Michael Locke is an Australian branding expert and the founder of marketing consultancy LOCKE Pty Ltd. He has overseen the brand management of countless companies, from multinationals like Electrolux through to smart new start-ups. And he has a question for you:
Are you a company, or a brand?
Not sure? You’re not alone.
Despite the ubiquity of the words ‘brand’ and ‘branding’, a lot of people don’t know what a brand is, or how to build one.
According to Locke, a brand is a series of values and a vision for a company that underpins every interaction they have with the public, from the products and services they offer to their logo and visual identity; their social media presence and advertising; their interactions with their clients, the public and the media; and their shopfront space. A brand is built on a uniformity of philosophy that informs everything company does, making the company and its identity as integral to success as its products and services.
“Your brand and your business are not mutually exclusive entities,” Locke says.
“In fact, the more you can fuse them as one, the better your utilisation of resources and the stronger your organisational focus.”
Dyson, a global electronics company known for its high-tech versions of common electrical items, is an example of an effective brand in action. According to Locke, who provided marketing, communication and brand management services to the company for five years, the Dyson brand has been built around three internal core values: design, innovation and technology. While the three core values are clearly exemplified in Dyson’s products, such as its blade-less fans and super-fast hand dryers, the company also embodies these philosophies in everything it does, from the design of its head office to company policies and financial commitments to socially responsible projects.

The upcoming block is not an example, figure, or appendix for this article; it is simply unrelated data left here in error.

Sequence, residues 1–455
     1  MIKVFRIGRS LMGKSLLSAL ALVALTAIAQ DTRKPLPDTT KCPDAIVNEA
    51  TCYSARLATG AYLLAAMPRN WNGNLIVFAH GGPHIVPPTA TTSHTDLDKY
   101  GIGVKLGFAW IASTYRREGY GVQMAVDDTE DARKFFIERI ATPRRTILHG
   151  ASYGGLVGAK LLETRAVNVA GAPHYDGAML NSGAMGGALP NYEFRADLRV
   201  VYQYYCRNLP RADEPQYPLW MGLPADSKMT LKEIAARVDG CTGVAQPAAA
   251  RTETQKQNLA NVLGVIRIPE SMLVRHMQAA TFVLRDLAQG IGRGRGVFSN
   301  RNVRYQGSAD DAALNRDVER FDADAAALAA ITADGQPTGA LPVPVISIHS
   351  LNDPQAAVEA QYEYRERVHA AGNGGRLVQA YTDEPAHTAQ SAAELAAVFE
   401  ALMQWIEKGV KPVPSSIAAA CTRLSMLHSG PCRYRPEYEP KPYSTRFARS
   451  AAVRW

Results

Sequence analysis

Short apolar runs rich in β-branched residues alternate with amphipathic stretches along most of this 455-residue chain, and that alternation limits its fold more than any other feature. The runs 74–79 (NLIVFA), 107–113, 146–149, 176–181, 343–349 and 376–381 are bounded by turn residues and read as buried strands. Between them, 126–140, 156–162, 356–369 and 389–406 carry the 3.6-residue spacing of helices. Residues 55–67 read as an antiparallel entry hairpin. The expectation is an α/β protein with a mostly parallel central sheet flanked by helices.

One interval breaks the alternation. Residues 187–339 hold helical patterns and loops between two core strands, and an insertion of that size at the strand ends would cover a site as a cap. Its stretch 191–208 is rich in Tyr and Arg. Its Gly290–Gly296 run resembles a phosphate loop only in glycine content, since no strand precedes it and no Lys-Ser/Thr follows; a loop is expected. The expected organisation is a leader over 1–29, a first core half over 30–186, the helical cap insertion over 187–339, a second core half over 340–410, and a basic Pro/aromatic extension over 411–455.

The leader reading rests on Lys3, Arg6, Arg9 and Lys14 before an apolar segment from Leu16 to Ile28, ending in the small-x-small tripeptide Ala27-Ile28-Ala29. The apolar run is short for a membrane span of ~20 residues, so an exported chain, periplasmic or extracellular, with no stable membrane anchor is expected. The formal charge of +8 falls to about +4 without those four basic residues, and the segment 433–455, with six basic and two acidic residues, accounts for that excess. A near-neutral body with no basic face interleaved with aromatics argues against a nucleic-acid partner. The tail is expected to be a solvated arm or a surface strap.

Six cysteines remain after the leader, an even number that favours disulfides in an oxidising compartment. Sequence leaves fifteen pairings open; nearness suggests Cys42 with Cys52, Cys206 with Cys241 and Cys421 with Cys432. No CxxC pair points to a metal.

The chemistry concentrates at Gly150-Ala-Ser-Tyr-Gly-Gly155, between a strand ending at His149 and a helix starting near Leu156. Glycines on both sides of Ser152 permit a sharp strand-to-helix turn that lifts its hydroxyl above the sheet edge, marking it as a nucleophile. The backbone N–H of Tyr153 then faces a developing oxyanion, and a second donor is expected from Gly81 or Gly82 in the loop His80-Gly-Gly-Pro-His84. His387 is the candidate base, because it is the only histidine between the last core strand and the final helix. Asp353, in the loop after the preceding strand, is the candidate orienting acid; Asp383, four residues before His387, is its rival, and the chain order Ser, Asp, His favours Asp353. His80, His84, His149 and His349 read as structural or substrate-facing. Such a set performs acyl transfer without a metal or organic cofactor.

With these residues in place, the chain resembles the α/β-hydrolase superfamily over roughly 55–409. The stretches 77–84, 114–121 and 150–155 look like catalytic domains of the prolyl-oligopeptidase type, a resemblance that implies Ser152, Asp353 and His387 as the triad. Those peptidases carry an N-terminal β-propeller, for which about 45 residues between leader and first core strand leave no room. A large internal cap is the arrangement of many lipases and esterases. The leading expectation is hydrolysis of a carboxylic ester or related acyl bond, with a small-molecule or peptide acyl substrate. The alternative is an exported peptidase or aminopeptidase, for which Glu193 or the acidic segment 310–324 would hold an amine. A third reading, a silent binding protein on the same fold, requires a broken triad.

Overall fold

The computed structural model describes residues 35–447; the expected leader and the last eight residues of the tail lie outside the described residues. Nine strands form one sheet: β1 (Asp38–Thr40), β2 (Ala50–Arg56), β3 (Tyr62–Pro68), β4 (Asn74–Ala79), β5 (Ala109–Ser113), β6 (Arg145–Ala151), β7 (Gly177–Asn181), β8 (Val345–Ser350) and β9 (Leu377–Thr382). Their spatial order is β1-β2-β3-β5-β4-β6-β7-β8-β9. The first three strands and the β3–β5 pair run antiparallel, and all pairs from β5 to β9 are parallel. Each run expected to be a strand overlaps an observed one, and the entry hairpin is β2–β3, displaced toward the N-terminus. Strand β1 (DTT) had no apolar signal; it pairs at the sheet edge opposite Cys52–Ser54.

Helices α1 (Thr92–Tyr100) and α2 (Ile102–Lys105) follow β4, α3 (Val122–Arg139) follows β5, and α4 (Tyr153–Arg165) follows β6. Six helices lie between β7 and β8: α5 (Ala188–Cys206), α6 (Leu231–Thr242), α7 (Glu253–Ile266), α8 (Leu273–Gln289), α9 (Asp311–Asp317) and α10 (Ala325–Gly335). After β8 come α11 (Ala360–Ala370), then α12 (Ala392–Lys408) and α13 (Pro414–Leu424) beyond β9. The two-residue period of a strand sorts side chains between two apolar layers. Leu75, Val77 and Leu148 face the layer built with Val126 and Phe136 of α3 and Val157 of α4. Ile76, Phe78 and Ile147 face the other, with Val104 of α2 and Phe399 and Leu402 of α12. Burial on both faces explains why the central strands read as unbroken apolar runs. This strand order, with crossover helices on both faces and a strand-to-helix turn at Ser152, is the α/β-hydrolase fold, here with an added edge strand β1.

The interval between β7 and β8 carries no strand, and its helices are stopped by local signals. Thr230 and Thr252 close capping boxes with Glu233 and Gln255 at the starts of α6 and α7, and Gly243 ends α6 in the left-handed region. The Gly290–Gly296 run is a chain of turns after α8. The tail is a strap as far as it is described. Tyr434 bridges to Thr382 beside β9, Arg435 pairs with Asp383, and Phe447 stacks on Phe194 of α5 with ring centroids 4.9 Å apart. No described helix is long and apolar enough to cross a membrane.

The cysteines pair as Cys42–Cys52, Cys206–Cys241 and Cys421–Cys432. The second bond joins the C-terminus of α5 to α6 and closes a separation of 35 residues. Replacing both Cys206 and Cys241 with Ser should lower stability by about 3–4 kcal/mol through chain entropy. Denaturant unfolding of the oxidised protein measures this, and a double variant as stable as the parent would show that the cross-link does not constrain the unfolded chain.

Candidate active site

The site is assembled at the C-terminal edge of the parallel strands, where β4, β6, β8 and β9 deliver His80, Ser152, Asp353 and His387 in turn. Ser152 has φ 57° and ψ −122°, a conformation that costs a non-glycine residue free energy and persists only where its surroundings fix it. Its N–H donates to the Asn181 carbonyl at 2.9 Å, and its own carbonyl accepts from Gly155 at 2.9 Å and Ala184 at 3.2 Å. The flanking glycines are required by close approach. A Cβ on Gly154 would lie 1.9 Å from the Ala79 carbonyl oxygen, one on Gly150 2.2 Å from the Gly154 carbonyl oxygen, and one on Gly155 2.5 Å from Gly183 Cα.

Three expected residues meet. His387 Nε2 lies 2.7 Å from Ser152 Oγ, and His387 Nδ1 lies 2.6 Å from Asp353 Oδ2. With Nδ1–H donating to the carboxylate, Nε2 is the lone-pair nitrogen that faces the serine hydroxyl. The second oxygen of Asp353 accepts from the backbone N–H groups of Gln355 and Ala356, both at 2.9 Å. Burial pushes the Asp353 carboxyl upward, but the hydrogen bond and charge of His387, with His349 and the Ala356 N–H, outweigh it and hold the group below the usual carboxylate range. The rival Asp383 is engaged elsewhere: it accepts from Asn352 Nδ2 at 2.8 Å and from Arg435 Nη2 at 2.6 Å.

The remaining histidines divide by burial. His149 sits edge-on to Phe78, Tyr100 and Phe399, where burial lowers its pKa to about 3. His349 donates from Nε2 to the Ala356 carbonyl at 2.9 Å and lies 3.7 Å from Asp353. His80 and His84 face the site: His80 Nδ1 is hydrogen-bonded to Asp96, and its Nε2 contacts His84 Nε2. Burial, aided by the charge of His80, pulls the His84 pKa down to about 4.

So how does a small business become a brand?
“The best way for a small business to grow rapidly into a big brand is to commence with big brand thinking from day one,” says Locke.
“Don’t tell people that you are a brand; rather, start behaving like you are one, by implementing a big brand’s methodologies and mentality on a small business budget.”
Big brand thinking means identifying your core values, and living them in every aspect of your business. Smart brands avoid activities that actively erode their stated philosophies. For example, Locke says, Dyson could easily slap their label on a nicely designed toaster and flog thousands of units to consumers entranced by the brand, but unless the toaster was a game changer in comparison to existing market offerings, activities like this are in direct contrast to the company’s values. If you want people to take you seriously, live your values and show that you’re serious about every element of the work you do.
As well as following the rulebook, successful companies also understand that a brand is not just about ticking the boxes – it’s about understanding what makes your customer base tick.
“Regardless of your industry, brands transcend logic and ingrain themselves in emotions,” Locke says.
Take Coca-Cola, for example. While the drink is the product on which the company has been built, it’s the sense of fun, community and mateship that Coca-Cola presents through its TV advertising, its public competitions, its print posters and the charities and events it supports, that touches its audience.
If you’re thinking about getting serious about your company brand, there’s no better time than now. The proliferation of products and services in an increasingly global market and the sheer numbers of vendors in the marketplace with identical offerings gives consumers the opportunity to shop on the cheap. If you want your business to make a genuine impression in the marketplace, you need to be more than just the product or service that you offer – being a brand might be what separates you from the herd.
“Now, more than ever, branding is becoming more and more important,” Locke says.
“A brand is not built overnight. It takes courage, investment, intelligence, differentiation, foresight and a great deal of consistency at every level.”